Binge Eating

Do you find yourself unable to stop eating? Are you overeating, even when you’re not hungry? Perhaps you feel like you lose control while you binge – and then feel guilty and ashamed afterwards? These may well be signs of a binge eating disorder.

Binge eating disorders can pose a severe threat to your mental and physical welfare and can have some lasting health implications.

What is a binge-eating disorder?

All eating disorders are serious. Many people confuse the term “binge-eating disorder” with Bulimia; but it’s not the same thing.

If you eat very quickly and can’t stop even when you feel uncomfortably full, and if you do this in secret and lie about how much you’ve eaten, then you could be suffering from binge-eating disorder.

Bulimia is a condition that usually involves binging and purging, where the sufferer makes themselves sick after excessive overeating. A person with binge-eating disorder, on the other hand, doesn’t make themselves sick – they don’t try and compensate for the excess calories.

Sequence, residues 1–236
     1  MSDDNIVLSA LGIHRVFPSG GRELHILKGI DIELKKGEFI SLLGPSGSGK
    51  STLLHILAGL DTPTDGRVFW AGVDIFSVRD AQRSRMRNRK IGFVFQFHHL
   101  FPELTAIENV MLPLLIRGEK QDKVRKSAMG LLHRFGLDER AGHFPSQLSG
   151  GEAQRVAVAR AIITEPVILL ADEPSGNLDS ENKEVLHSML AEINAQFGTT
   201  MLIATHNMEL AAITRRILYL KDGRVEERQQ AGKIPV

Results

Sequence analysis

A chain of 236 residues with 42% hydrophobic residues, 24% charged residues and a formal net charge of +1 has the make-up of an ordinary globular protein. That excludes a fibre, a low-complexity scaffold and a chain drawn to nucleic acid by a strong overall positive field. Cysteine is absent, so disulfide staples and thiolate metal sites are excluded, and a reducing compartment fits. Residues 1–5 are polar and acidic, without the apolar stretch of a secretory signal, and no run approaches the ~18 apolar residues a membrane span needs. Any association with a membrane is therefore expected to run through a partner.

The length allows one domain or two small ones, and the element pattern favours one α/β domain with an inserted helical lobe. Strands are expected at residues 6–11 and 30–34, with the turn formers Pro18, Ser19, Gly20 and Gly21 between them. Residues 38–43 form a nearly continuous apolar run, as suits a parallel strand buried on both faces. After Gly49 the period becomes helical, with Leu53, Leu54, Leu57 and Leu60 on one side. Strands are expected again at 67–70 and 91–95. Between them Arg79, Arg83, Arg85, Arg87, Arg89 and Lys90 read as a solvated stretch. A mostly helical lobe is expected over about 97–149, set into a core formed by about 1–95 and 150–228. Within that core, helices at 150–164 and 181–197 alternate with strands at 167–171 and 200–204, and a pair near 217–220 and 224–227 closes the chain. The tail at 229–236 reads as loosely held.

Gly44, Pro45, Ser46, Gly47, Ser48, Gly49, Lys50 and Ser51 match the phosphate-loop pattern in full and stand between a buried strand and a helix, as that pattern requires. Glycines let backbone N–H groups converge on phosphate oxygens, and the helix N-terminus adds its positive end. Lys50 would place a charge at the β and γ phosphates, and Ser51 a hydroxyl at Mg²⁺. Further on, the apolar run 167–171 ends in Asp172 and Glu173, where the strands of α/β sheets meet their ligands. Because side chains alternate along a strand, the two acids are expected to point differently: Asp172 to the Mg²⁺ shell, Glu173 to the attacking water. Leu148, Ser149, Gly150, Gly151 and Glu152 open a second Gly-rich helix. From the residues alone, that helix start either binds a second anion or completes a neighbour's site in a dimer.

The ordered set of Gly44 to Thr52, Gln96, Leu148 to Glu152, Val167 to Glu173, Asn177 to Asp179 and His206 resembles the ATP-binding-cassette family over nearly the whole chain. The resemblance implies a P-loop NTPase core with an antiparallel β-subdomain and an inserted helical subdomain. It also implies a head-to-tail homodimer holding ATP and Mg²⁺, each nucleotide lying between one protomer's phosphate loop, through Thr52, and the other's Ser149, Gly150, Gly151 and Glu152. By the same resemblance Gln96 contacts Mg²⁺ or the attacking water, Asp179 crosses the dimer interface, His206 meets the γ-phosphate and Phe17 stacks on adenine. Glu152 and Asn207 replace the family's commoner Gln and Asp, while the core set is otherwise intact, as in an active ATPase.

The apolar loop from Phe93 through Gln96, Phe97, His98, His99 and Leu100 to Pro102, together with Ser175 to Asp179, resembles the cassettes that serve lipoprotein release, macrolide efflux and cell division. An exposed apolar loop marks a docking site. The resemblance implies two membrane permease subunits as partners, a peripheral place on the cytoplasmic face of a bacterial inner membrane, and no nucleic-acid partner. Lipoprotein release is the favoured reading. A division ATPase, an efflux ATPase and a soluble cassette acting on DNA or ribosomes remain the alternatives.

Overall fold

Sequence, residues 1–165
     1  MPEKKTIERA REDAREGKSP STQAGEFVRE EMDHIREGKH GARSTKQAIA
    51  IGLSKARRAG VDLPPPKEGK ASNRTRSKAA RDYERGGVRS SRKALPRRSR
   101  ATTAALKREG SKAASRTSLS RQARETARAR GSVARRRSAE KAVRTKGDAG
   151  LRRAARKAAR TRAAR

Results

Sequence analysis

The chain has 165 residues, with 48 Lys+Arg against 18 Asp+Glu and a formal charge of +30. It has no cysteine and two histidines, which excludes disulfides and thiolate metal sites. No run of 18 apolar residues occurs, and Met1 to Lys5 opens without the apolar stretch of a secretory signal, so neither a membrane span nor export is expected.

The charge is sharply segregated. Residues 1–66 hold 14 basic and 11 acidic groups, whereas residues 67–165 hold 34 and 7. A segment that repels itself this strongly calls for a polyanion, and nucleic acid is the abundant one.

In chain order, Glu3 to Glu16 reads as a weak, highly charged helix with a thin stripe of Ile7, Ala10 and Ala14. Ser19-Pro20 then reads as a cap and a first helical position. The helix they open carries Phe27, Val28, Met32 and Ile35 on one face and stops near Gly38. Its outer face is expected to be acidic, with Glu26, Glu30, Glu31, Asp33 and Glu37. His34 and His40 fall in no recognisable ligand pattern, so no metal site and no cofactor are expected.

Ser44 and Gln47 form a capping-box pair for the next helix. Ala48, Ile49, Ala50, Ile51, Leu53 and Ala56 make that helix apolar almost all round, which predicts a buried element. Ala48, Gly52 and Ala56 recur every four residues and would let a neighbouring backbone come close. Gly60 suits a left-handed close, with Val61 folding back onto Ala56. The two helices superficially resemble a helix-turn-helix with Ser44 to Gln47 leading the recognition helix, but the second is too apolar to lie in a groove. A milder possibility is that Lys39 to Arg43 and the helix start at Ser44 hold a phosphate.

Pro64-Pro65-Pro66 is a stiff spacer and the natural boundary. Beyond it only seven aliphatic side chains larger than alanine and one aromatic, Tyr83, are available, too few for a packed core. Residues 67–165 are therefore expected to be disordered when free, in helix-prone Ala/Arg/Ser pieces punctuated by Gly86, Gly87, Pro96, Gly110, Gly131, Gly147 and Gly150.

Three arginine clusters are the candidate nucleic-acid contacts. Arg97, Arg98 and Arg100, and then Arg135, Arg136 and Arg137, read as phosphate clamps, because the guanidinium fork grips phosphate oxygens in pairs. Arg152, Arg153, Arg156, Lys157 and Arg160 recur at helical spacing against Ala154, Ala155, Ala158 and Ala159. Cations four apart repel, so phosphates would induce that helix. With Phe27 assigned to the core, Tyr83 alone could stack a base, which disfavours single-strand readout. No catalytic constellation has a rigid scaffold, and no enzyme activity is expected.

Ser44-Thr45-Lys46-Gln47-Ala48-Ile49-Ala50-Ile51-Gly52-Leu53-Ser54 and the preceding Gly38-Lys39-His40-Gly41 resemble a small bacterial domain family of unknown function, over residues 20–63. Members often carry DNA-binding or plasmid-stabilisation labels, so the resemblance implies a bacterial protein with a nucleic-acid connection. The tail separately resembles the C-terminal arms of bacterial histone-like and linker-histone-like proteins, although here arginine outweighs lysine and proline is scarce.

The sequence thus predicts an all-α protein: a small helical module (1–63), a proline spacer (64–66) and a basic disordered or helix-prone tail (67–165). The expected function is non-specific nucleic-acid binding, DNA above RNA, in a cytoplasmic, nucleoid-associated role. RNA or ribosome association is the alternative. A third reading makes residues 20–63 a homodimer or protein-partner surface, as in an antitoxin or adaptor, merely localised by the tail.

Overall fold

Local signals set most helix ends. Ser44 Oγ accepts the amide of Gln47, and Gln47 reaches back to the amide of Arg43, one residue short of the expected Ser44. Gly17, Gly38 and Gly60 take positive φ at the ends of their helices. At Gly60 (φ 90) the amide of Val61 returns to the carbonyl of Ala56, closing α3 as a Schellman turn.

This does not make the condition any less severe, however. Overeating puts your entire body under stress and can have devastating effects for your physical health and your mental wellbeing.

How can I stop?

Like all eating disorders, most people find it impossible to stop on their own. They may be able to achieve a couple of months of abstinence, but – eventually – a stressful situation triggers them into another bout of giving in to the urges.

And – for many people – each time they give in to the urges, they find that things get worse.

What help can I get?

It is best to get treatment once you start to notice the the signs of this disorder start to arise.

That cycle of abstinence and release is ubiquitous in compulsive binge eaters. And there’s always an emotional trigger that sets you down a path of destruction.

Treatment for binge-eating disorder often involves exploring the triggers; recognising the situations that cause you to retreat into the destructive cycle of bingeing.

Therapies such as Cognitive-Behavioural Therapy (aka CBT) and Modified Dialectical Behavioural Therapy (DBT) can help you recognise your triggers and relearn your responses to them.


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